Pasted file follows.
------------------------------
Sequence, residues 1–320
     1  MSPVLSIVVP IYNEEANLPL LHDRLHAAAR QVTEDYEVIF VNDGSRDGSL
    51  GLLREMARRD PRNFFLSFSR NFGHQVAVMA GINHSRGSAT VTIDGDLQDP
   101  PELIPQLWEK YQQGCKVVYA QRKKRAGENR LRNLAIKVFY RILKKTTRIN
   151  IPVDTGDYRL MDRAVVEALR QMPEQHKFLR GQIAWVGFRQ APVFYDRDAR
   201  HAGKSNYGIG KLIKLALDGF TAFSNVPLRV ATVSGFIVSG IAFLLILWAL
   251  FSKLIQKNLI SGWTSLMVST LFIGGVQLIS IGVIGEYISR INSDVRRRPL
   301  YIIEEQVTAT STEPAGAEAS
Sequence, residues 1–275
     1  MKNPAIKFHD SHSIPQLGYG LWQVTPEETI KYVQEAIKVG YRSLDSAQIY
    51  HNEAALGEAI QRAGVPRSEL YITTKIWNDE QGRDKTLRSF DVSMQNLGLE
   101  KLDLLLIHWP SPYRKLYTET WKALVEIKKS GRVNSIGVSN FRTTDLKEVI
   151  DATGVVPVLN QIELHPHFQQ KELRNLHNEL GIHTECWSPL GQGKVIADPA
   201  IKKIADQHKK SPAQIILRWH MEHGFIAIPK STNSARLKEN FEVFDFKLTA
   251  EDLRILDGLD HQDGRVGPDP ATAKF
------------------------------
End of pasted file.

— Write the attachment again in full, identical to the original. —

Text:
Sequence, residues 1–320
     1  MSPVLSIVVP IYNEEANLPL LHDRLHAAAR QVTEDYEVIF VNDGSRDGSL
    51  GLLREMARRD PRNFFLSFSR NFGHQVAVMA GINHSRGSAT VTIDGDLQDP
   101  PELIPQLWEK YQQGCKVVYA QRKKRAGENR LRNLAIKVFY RILKKTTRIN
   151  IPVDTGDYRL MDRAVVEALR QMPEQHKFLR GQIAWVGFRQ APVFYDRDAR
   201  HAGKSNYGIG KLIKLALDGF TAFSNVPLRV ATVSGFIVSG IAFLLILWAL
   251  FSKLIQKNLI SGWTSLMVST LFIGGVQLIS IGVIGEYISR INSDVRRRPL
   301  YIIEEQVTAT STEPAGAEAS
Sequence, residues 1–275
     1  MKNPAIKFHD SHSIPQLGYG LWQVTPEETI KYVQEAIKVG YRSLDSAQIY
    51  HNEAALGEAI QRAGVPRSEL YITTKIWNDE QGRDKTLRSF DVSMQNLGLE
   101  KLDLLLIHWP SPYRKLYTET WKALVEIKKS GRVNSIGVSN FRTTDLKEVI
   151  DATGVVPVLN QIELHPHFQQ KELRNLHNEL GIHTECWSPL GQGKVIADPA
   201  IKKIADQHKK SPAQIILRWH MEHGFIAIPK STNSARLKEN FEVFDFKLTA
   251  EDLRILDGLD HQDGRVGPDP ATAKF